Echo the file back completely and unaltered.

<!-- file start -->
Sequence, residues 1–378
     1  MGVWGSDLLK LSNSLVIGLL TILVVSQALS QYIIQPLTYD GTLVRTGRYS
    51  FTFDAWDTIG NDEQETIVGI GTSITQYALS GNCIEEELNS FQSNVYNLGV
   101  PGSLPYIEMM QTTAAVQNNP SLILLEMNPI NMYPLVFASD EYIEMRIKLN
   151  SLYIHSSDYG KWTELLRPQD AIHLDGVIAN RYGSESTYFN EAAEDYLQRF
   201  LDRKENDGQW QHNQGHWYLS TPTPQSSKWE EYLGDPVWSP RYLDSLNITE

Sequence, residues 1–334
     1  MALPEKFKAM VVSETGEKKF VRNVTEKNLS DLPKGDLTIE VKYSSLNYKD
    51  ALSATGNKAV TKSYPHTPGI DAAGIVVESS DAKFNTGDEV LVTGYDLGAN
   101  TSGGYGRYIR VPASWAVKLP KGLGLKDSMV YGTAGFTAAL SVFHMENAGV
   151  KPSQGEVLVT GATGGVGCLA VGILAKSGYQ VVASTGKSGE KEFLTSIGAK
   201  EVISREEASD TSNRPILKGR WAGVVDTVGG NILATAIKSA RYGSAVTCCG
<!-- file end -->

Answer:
Sequence, residues 1–378
     1  MGVWGSDLLK LSNSLVIGLL TILVVSQALS QYIIQPLTYD GTLVRTGRYS
    51  FTFDAWDTIG NDEQETIVGI GTSITQYALS GNCIEEELNS FQSNVYNLGV
   101  PGSLPYIEMM QTTAAVQNNP SLILLEMNPI NMYPLVFASD EYIEMRIKLN
   151  SLYIHSSDYG KWTELLRPQD AIHLDGVIAN RYGSESTYFN EAAEDYLQRF
   201  LDRKENDGQW QHNQGHWYLS TPTPQSSKWE EYLGDPVWSP RYLDSLNITE

Sequence, residues 1–334
     1  MALPEKFKAM VVSETGEKKF VRNVTEKNLS DLPKGDLTIE VKYSSLNYKD
    51  ALSATGNKAV TKSYPHTPGI DAAGIVVESS DAKFNTGDEV LVTGYDLGAN
   101  TSGGYGRYIR VPASWAVKLP KGLGLKDSMV YGTAGFTAAL SVFHMENAGV
   151  KPSQGEVLVT GATGGVGCLA VGILAKSGYQ VVASTGKSGE KEFLTSIGAK
   201  EVISREEASD TSNRPILKGR WAGVVDTVGG NILATAIKSA RYGSAVTCCG